Justices say law on offensive trademarks is unconstitutional

The United States Supreme Court ruled in favor of an Asian-American rock band that was denied a trademark on the grounds that it disparages Asisns and states that federal government's ban on offensive trademark registrations violates the First Amendment.

The Portland band began its legal battle when founder and bass player Simon Tam was told by the U.S. Patent and Trademark Office that he could not legally trademark the name "The Slants" because it was considered a racial slur.

"After an excruciating legal battle that has spanned almost eight years, we´re beyond humbled and thrilled to have won this case at the Supreme Court", Tam said in a statement on social media after the ruling.

Writing separately, Justice Anthony Kennedy stressed that the ban on disparaging trademarks was a clear form of viewpoint discrimination forbidden under the First Amendment.

The U.S. Supreme Court on Monday left in place a lower court's ruling that barred private citizens from suing OH for allegedly impeding their ability to vote by requiring ballot forms to be filled out perfectly.

The PTO denied the trademark citing the Lanham Act, a 71-year-old law that, in part, prohibits trademark protection for offensive names.

In his opinion for the court, Justice Samuel Alito rejected arguments that trademarks are government speech, not private speech.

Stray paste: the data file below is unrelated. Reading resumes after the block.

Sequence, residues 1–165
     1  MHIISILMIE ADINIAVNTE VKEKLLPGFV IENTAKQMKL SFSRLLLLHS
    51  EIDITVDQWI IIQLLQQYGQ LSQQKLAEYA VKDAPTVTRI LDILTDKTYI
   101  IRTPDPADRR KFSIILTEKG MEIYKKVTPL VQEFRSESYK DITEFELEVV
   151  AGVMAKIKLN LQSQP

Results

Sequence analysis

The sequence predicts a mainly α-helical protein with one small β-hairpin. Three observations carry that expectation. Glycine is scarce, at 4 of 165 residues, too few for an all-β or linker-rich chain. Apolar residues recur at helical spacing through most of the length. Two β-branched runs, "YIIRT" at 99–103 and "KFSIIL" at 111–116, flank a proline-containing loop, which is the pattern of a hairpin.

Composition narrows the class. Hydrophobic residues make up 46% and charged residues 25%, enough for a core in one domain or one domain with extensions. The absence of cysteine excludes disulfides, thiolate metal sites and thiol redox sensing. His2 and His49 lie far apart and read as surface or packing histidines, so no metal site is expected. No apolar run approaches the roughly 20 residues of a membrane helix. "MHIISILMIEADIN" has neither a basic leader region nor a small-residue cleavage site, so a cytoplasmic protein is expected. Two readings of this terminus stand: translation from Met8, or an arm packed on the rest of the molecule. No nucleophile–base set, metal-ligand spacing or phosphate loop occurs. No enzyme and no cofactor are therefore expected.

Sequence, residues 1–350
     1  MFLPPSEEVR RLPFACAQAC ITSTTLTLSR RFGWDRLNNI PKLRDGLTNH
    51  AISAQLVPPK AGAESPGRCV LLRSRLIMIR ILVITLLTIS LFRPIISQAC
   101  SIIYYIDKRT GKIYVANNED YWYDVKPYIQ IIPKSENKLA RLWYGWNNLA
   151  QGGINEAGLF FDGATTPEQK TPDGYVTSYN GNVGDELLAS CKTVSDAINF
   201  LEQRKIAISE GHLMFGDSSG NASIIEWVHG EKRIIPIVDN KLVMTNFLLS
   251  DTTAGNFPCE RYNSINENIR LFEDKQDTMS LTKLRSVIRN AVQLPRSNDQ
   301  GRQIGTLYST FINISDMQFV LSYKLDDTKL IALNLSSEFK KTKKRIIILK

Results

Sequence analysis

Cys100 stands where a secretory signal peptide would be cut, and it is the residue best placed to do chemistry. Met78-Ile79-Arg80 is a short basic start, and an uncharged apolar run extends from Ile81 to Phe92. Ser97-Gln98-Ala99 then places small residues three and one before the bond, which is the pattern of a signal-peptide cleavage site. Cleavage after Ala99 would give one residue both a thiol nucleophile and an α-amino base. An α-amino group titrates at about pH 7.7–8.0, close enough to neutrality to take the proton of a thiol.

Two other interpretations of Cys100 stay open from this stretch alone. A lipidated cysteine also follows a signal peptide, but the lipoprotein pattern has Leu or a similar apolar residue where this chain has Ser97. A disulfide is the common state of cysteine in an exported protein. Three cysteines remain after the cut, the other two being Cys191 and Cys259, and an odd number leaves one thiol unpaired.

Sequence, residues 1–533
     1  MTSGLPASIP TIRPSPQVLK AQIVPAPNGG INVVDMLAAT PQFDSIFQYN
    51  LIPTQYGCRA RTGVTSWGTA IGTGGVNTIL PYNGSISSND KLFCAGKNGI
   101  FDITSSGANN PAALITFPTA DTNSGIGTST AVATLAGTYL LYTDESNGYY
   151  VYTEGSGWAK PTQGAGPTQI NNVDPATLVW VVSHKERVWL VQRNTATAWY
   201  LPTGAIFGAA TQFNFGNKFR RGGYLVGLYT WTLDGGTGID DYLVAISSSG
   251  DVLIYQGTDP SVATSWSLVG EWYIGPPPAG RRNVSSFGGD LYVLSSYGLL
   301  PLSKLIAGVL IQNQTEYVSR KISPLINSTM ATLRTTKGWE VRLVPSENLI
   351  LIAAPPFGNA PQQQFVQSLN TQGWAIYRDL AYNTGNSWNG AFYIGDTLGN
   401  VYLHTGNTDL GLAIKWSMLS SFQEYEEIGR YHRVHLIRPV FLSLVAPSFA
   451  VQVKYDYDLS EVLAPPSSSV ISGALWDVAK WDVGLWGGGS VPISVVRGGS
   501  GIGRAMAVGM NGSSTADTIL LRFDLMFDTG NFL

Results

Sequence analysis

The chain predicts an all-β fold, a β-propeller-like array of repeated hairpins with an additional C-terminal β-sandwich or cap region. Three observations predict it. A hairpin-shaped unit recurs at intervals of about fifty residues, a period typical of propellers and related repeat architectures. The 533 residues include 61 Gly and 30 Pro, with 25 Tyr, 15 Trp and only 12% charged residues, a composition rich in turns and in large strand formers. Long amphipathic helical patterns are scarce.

In an email, Tam rejected the notion that upholding the gutted provision of the Lanham Act would hamper the Redskins' efforts to keep their name.

The team's appeal, also on free speech grounds, was put on hold in the 4th Circuit Court of Appeals in Richmond, Virginia, pending the outcome of The Slants' case.

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Snyder has repeatedly insisted he will not change the team's name despite continuing objections by Native Americans.

"I am THRILLED!" he said in a statement Monday morning.

The team's trademark registration was canceled in 2014 after decades of use.

But when the litigation of the word "redskins" is left to a group like the PTO, the resulting decisions will always say more about that body's own biases than anything else.

In an 8-0 decision, the court determined the US Patent and Trademark Office's so-called "disparagement clause" violates the First Amendment.

"A law that can be directed against speech found offensive to some portion of the public can be turned against minority and dissenting views to the detriment of all", Kennedy said in an opinion joined by Justices Ruth Bader Ginsburg, Sonya Sotomayor and Elena Kagan.

New high court Justice Neil Gorsuch didn't take part in the case.

Government officials said the law did not infringe on free speech rights because the band was still free to use the name even without trademark protection.

In a filing Monday, the Justice Department defended the Trademark Trial and Appeal Board's decision previous year to strip the team of protections.

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